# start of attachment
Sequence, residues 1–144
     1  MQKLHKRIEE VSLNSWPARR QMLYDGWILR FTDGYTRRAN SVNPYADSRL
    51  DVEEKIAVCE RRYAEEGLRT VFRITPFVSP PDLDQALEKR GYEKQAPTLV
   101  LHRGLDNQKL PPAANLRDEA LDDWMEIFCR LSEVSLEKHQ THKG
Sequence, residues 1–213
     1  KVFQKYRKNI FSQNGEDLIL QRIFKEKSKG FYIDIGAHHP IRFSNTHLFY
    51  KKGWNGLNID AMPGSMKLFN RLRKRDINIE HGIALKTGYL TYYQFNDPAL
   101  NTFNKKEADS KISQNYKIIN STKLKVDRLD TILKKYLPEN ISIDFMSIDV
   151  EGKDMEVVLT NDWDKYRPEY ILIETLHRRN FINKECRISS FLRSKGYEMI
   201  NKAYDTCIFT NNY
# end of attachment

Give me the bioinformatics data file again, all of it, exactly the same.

Sequence, residues 1–144
     1  MQKLHKRIEE VSLNSWPARR QMLYDGWILR FTDGYTRRAN SVNPYADSRL
    51  DVEEKIAVCE RRYAEEGLRT VFRITPFVSP PDLDQALEKR GYEKQAPTLV
   101  LHRGLDNQKL PPAANLRDEA LDDWMEIFCR LSEVSLEKHQ THKG
Sequence, residues 1–213
     1  KVFQKYRKNI FSQNGEDLIL QRIFKEKSKG FYIDIGAHHP IRFSNTHLFY
    51  KKGWNGLNID AMPGSMKLFN RLRKRDINIE HGIALKTGYL TYYQFNDPAL
   101  NTFNKKEADS KISQNYKIIN STKLKVDRLD TILKKYLPEN ISIDFMSIDV
   151  EGKDMEVVLT NDWDKYRPEY ILIETLHRRN FINKECRISS FLRSKGYEMI
   201  NKAYDTCIFT NNY